Triceratops roars in Melbourne museum
Andrews’ Labor Government is providing another world-class attraction to Victoria, with Triceratops: the fate of the dinosaurs opening to the public this week with one of the most complete Triceratops fossils in the world.
Creative Industries Minister Danny Pearson visited the Melbourne museum today to come face-to-face with the jaw-dropping 1,000kg 67million-year-old fossil ahead of the exhibition opening on Saturday 12th of March.
Measuring six to seven meters from tip to tail and standing over two meters tall, the fossil – named Horridus after the species of Triceratops to which it belongs – is larger than an adult African elephant.
Horridus is one of the most important paleontological discoveries in the world. At 266 bones, it is the best preserved Triceratops skeleton in the world and the most complete real dinosaur skeleton in any Australian museum.
The Melbourne Museum’s immersive exhibition invites visitors to get up close to the impressive fossil, taking them on a journey through time to explore the complex landscape and ecosystems it once called to the Cretaceous period.
The exhibit showcases the environments where the Triceratops roamed, the creatures Horridus experienced, and what became of the Cretaceous survivors. Dinosaur fans will also learn about the process of fossilization and how paleontology helps us understand vast stretches of time.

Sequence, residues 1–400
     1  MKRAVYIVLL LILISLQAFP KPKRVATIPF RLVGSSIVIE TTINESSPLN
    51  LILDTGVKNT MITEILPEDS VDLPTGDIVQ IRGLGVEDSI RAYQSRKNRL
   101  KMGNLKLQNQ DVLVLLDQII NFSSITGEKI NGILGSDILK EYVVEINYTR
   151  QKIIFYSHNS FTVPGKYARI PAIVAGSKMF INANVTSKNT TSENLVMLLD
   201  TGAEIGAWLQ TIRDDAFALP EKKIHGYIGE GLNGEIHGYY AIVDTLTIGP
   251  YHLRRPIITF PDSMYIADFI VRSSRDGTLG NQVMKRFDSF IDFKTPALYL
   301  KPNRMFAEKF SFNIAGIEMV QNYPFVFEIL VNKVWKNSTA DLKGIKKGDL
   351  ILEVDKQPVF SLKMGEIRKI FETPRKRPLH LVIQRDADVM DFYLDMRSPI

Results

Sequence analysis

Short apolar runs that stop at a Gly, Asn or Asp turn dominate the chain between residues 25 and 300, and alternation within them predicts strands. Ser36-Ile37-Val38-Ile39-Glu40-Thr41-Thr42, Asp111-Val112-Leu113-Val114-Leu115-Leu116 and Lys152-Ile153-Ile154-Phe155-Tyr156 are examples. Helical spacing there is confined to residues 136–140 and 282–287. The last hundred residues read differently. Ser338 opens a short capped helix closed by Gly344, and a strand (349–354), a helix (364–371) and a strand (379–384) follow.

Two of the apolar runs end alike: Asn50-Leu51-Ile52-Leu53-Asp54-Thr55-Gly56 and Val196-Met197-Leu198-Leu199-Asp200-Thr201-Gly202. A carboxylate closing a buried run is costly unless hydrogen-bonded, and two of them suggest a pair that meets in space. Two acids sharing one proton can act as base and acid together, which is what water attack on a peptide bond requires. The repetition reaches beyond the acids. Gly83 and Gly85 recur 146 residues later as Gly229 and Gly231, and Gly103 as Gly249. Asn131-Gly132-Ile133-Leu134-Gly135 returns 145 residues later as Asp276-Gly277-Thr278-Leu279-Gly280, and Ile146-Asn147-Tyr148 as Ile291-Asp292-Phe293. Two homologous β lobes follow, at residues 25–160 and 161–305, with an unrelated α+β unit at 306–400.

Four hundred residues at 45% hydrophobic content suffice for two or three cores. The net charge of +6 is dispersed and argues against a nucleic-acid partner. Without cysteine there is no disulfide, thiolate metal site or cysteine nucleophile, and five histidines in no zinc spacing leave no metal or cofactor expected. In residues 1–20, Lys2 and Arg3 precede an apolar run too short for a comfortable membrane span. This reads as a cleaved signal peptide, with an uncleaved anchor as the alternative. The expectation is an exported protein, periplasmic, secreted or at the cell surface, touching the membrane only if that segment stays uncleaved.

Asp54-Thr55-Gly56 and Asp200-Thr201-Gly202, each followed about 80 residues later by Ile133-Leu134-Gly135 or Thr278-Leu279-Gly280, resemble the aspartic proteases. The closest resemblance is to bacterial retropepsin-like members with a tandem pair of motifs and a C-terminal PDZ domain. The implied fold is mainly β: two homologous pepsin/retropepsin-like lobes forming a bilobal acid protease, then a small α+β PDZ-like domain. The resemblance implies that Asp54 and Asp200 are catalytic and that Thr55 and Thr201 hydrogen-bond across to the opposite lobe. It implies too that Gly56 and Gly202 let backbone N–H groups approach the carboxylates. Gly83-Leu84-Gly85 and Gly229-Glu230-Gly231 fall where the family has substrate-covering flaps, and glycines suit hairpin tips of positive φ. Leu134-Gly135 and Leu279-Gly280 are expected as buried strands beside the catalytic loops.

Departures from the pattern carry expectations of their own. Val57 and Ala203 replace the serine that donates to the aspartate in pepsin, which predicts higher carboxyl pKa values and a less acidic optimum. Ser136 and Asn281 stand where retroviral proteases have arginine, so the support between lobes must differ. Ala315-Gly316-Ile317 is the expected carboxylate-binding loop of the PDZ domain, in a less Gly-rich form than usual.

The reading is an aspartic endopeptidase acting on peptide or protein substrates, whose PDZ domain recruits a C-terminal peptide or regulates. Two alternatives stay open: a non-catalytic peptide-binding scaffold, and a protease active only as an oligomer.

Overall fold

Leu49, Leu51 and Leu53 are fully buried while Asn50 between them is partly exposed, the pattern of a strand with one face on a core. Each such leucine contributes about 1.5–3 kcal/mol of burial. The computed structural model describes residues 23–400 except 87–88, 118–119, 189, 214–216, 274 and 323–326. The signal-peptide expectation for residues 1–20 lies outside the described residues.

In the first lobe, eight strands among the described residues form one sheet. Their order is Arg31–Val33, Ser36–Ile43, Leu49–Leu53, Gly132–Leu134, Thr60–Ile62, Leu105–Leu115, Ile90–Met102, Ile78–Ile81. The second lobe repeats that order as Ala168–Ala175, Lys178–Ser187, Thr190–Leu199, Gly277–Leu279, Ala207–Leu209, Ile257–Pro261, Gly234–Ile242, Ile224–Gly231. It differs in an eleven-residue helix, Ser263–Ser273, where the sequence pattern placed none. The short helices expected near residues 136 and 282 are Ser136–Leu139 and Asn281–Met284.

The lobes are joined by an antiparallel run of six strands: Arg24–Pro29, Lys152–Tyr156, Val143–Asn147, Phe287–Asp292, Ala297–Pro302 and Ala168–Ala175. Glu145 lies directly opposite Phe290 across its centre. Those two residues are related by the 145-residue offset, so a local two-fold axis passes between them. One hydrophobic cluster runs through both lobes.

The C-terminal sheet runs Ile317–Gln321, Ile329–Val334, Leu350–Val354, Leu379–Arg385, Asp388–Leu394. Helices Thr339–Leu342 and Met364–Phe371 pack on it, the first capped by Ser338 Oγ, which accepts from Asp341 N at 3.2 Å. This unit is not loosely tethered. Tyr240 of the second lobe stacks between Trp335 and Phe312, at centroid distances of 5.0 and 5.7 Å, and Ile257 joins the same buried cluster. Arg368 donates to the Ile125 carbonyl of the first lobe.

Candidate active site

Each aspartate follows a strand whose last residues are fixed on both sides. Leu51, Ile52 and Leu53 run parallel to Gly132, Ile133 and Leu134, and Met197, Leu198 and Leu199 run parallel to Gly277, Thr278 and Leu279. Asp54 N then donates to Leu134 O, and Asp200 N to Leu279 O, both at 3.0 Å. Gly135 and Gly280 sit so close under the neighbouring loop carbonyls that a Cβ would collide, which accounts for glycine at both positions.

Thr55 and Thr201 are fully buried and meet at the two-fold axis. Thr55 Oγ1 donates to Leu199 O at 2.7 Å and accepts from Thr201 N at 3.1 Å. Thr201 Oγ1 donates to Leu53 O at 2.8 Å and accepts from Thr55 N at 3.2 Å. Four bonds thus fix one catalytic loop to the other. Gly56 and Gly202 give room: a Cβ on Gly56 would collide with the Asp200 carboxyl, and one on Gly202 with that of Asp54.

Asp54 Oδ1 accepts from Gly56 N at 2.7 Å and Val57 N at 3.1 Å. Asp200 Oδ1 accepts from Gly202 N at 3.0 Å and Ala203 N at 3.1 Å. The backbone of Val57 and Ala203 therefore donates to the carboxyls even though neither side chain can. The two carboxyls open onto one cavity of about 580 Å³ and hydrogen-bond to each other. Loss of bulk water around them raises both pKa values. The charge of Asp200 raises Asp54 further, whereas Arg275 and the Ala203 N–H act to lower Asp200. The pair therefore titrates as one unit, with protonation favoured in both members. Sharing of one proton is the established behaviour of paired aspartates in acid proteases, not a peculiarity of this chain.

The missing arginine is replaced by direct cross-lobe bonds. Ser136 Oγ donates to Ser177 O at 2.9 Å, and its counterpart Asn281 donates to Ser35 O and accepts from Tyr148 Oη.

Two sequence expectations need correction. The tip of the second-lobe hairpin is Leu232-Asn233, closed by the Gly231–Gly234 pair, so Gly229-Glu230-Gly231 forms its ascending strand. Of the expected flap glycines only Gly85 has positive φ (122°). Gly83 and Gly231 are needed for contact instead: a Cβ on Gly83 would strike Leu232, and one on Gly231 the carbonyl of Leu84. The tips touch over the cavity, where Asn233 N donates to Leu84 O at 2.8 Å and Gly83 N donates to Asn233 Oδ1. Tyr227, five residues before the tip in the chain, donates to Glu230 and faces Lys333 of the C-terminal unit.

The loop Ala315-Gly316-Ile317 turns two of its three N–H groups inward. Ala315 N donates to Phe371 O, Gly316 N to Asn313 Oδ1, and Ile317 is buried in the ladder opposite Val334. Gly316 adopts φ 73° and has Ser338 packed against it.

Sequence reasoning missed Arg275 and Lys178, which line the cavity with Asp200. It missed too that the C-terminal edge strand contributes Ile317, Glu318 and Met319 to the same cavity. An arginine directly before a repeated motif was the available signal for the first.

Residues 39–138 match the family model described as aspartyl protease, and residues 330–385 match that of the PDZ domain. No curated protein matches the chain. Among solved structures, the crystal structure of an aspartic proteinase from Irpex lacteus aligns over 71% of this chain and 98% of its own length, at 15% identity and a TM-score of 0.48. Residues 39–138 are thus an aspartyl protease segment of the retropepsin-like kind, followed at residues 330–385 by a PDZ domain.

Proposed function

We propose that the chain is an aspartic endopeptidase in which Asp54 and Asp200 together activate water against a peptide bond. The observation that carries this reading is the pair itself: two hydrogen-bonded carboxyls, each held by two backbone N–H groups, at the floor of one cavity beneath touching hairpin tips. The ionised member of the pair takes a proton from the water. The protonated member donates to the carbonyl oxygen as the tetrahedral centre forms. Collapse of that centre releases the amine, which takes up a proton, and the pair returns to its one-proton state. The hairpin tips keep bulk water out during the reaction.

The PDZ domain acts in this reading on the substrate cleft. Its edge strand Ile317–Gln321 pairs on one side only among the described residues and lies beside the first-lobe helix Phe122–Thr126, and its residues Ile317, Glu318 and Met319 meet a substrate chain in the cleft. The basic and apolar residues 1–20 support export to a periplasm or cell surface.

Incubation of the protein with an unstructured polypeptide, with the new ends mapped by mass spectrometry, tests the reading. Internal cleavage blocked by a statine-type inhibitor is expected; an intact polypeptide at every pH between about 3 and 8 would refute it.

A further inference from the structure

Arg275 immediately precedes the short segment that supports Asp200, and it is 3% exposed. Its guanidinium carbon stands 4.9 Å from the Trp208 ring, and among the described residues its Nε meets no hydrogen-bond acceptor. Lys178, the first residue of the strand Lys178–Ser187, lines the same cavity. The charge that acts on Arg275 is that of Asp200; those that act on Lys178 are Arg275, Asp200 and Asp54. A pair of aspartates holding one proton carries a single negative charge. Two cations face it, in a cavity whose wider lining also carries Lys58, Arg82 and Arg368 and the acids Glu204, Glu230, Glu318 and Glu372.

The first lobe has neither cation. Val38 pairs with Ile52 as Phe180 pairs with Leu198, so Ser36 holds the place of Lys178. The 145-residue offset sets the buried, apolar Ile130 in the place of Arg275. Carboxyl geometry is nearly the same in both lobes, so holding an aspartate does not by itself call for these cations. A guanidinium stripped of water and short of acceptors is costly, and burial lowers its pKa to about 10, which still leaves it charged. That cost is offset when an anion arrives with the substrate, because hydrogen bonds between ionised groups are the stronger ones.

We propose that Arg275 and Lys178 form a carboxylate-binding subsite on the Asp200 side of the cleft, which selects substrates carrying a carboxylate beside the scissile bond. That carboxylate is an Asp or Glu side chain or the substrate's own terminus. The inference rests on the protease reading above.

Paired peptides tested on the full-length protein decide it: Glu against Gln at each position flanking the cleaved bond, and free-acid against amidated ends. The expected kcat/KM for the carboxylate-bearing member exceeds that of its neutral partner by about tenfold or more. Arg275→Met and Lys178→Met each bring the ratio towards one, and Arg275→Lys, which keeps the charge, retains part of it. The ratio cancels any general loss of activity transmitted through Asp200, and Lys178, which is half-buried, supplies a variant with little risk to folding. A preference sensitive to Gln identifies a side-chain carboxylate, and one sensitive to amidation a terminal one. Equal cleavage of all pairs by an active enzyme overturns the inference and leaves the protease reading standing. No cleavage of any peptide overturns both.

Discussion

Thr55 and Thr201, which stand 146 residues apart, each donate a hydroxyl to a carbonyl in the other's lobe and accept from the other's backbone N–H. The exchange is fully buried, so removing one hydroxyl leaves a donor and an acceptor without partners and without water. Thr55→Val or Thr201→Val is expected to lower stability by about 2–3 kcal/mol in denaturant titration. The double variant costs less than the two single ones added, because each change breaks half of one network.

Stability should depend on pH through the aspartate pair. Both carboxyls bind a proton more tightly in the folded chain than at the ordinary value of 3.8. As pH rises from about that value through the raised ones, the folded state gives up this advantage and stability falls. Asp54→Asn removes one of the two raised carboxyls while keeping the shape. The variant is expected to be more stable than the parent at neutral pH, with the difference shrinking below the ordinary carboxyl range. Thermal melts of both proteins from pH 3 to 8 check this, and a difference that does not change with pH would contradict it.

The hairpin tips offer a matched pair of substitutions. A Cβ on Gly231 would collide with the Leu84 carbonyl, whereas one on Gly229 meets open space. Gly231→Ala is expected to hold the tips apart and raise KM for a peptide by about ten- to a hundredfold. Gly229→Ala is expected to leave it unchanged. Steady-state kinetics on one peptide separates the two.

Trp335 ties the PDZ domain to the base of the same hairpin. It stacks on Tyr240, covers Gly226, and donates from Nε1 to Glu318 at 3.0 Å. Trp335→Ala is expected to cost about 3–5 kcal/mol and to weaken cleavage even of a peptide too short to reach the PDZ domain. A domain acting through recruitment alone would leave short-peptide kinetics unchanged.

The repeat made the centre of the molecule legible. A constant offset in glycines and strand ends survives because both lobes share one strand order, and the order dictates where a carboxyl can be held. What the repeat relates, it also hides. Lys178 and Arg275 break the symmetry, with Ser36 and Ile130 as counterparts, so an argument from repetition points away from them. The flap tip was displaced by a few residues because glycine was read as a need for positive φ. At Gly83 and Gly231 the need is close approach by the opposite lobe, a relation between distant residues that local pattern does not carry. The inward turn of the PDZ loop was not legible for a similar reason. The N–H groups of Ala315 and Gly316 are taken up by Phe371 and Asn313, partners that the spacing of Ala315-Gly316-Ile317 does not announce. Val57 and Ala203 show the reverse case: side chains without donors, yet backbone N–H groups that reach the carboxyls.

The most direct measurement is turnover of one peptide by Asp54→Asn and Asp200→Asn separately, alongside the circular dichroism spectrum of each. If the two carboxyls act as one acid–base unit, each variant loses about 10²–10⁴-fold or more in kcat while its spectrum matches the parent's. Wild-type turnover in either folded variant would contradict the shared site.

In addition to the captivating exhibit, the acquisition of Horridus positions Victoria as a leader in paleontological science, providing economic and educational benefits beyond the exhibit.
Discovered in 2014 in Montana, USA, Horridus was recovered from under 3.5 meters of sandstone. Since arriving in Melbourne in 2021, a team of paleontologists, curators and collections managers from Museums Victoria have been working to prepare the fossil for display.
This exhibit is part of a $36.2 million investment provided by the Labor Government in the Victorian Budget 2021-22 to support the creation of new immersive family experiences at the Melbourne Museum, including Triceratops: the fate of the dinosaurs.
For tickets and more information on Triceratops: The Fate of the Dinosaursvisit melbournemuseumtriceratops.com.
As Creative Industries Minister Danny Pearson said
“Horridus and his incredible story will be a huge drawcard for the Melbourne Museum, inspiring wonder, curiosity and delight in dinosaur fans of all ages for generations to come.”
“The museum is constantly changing and that’s one of the reasons why Victorians love it so much. We are proud to offer an awe-inspiring attraction that will be a crowd pleaser and lead to a new understanding of our natural history.
As stated by Lynley Crosswell, CEO and Director of Museums Victoria
“It’s not uncommon for museums to collect dinosaur fossils. It is exceptional, however, for a museum to have a specimen of the quality and importance of this fossil, we look forward to the public experiencing Horridus.